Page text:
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The Arlington




Our new Arlington bugle takes the great feartures of our Kevin Power designed Centennial bugle and adds some extra "pizazz." FUNCTIONALLY there is minimal difference between instruments, however a few features were added to make this extra special for a gift or those wanting a more interesting horn. We've added chrome plated tuning slide supports which adds a bit of weight and support along with great looks. We've added a Hex receiver, similar to the Bach Stradivarius trumpet. This appears to seat the mouthpiece better while, in the rare case a mouthpiece gets stuck, giving more of a "bite" to the mouthpiece puller. The case has been upgraded with a larger zipper, a smaller overall shape and thicker padding.

We'll only be selling this as a case based package.



Plays in the key of G assisting the beginning player  hit the higher notes then a typical B-flat instrument.   While the traditional Boy Scout bugle is listed as a "G/F" bugle.  In reality the "F" is available by pulling the tuning slide WAY out.  This makes for a very squirrelly instrument with poor intonation.   We've included the extra long tuning slide, but since in reality the bugle plays best in "G" that's how we market it and recommend it be used.  There are many who feel the lower pitch of the "G" bugle sounds more appropriate for the playing of "TAPS" even asking trumpet players to drop their pitch by pressing down valves 1 and 2.


Has great playability for the beginning player, resonates easily.  Not to say it won't take practice to learn, it just takes a bit less work to play.


Trumpet mouthpiece receiver.  The traditional Boy Scout bugle often takes a cornet mouthpiece or a special mouthpiece, we made sure ours was designed to use the same mouthpiece the scout is most likely to use in their school instrument, which would be a trumpet.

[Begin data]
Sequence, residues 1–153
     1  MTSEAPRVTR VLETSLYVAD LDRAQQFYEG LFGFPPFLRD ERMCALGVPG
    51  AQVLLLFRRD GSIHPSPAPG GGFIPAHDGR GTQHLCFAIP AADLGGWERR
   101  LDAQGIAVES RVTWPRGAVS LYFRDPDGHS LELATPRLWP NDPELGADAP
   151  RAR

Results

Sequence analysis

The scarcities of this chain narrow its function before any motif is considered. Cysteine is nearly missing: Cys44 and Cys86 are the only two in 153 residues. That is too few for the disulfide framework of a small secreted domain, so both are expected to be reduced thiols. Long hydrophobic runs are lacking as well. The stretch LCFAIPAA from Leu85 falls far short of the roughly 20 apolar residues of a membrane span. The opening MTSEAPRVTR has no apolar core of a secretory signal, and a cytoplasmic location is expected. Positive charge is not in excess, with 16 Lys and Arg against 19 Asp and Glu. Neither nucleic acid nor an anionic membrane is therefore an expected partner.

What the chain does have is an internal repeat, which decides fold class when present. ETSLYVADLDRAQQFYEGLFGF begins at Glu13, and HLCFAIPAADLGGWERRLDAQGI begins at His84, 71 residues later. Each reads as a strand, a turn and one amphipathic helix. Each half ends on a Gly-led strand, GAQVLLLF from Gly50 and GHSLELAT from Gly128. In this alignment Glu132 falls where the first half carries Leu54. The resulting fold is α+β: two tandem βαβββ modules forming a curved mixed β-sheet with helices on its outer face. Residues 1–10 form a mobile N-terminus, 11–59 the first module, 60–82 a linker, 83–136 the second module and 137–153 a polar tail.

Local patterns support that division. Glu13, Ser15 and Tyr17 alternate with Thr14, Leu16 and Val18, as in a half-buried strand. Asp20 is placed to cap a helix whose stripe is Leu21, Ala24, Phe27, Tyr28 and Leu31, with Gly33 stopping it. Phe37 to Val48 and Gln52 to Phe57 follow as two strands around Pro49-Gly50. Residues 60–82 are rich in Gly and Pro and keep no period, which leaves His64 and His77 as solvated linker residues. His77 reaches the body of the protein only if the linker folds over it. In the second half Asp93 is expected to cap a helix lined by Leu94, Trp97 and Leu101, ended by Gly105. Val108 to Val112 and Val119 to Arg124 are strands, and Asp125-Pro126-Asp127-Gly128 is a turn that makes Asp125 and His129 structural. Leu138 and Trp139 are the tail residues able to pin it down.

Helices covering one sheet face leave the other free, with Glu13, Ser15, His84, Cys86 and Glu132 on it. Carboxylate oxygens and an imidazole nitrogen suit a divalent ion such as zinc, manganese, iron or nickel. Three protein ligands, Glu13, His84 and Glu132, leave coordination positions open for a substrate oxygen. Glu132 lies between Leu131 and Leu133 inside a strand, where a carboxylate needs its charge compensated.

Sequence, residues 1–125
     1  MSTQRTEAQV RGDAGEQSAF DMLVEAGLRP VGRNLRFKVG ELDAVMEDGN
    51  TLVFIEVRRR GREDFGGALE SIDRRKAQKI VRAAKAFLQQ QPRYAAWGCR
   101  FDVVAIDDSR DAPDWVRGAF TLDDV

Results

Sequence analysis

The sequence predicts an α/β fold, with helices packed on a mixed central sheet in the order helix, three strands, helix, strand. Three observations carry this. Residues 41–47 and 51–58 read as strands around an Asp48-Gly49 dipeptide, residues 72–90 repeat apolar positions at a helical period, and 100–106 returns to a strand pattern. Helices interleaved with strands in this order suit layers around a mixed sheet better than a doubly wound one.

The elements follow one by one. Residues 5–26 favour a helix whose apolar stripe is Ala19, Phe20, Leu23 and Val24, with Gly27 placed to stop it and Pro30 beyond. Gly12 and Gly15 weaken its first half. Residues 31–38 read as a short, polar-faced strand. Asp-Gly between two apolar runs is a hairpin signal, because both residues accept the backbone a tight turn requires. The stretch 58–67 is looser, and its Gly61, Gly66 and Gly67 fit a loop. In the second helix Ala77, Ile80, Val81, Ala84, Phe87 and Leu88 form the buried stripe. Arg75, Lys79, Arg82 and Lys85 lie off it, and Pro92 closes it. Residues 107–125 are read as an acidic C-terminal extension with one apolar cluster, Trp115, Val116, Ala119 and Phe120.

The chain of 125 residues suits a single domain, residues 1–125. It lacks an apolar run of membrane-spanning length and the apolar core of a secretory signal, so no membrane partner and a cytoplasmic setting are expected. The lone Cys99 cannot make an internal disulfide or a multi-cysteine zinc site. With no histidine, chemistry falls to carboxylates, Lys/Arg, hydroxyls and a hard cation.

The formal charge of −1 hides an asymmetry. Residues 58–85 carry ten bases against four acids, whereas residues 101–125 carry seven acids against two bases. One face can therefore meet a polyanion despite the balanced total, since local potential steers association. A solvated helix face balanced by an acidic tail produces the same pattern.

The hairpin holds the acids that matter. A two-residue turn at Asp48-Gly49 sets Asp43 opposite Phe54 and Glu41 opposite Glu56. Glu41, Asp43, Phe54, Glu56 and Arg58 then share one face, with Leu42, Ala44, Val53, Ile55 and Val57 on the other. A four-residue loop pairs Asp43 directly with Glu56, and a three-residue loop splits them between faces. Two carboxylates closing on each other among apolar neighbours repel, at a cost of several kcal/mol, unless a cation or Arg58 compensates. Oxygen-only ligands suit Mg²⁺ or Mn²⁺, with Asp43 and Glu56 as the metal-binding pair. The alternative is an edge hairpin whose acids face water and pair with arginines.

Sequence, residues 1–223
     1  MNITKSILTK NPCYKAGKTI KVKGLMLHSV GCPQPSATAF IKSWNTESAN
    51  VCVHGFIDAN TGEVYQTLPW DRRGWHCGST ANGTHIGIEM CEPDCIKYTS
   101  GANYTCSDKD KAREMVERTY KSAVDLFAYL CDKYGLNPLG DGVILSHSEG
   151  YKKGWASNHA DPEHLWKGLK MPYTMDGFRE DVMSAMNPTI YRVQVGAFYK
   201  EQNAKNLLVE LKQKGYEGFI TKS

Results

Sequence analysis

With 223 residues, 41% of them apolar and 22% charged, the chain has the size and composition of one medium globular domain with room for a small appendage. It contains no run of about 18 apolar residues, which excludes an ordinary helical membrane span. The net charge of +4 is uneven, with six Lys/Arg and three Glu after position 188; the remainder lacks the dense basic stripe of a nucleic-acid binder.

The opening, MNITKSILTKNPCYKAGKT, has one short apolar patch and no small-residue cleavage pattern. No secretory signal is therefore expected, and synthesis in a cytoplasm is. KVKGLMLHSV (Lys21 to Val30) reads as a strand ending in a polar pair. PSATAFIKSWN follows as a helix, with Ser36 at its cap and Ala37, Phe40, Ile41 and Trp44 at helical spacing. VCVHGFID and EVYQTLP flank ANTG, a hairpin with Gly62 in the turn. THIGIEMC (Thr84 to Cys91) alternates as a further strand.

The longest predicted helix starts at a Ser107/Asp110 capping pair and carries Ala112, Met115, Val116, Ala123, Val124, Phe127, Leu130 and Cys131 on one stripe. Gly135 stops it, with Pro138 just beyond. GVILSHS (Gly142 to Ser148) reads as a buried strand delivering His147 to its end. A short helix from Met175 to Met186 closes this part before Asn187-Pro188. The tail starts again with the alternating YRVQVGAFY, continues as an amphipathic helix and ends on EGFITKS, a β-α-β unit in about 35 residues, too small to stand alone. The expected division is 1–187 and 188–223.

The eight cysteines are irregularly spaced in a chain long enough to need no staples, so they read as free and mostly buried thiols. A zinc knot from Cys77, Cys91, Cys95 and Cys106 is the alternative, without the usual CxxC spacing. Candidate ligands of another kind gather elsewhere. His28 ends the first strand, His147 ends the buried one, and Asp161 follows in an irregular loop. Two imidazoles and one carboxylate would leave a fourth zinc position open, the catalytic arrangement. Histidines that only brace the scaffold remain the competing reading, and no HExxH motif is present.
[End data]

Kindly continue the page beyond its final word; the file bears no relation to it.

(Picture shows the Centennial Bugle) Large throat and bell makes for a large sound, more of a cornet characteristic.  Designed to play taps richly, and take the edge off of "To the Colors."  For an example you see in the left a physical comparison of bells to the Kanstul Regulation Bugle.  It looks like Kanstul used the same bell as their CHICAGO line of trumpets which tend to have a rather bright sound.  You can see the sharp radius on top with a very thin bell waiting until the very end to flare out.   Compared to the fatter, cornet flare out of the Centennial bugle.   The Kanstul plays with quite a bit of edge to it's tone, more "trumpety" if you will, while the Centennial has a fuller, less edgy "Bugly" tone.  In practice the Centennial  plays a haunting TAPS and helps take the edge off of a round of "To The Colors."  Especially helpful for someone like me with a lot of edge in their tone to begin with (such as myself).

Chorme plated tuning slide supports adds color and flare to the horn along with extra protection.


Hex Mouthpiece receiver adds extra stabilization along with more area to "bite" in case the mouthpiece needs to be removed due to getting "stuck" (your local music store should help remove for free or a few dollars. Remember to always remove the mouthpiece after use and never hit the mouthpiece into the horn to seat).

Shipped in Lacquered coating only, no reason to chrome plate and than cover with silver.

Shipped with Case, Mouthpiece and Horn


Size: 17 1/4" inches long weighing 16.6oz without the mouthpiece, and 20 oz with mouthpiece.


The bore size is a trumpet standard .460


Available with a solid lightweight case with backpack straps offering great protection with ease of transportation. 


Comes with a trumpet "7C" style mouthpiece.  Since it uses a trumpet mouthpiece, it can be replaced quickly at any music store, or used with the players current MP.


Made by Wisemann for


In the Key of G (though can go lower with the extra long tuning slide, but plays best as a G bugle)


Play quality, construction, and case combination can hold up against any quality bugle on the market.

< Arlington G Bugle  with LIGHTWEIGHT CASE $240 + $15 S&H
Need Extra Mouthpiece?  Click Here




Please send comments, etc to: support

Copyright 2004-2016 has no formal relationship with the Boy Scouts of America

The Centennialtm Bugle is a Trademark of

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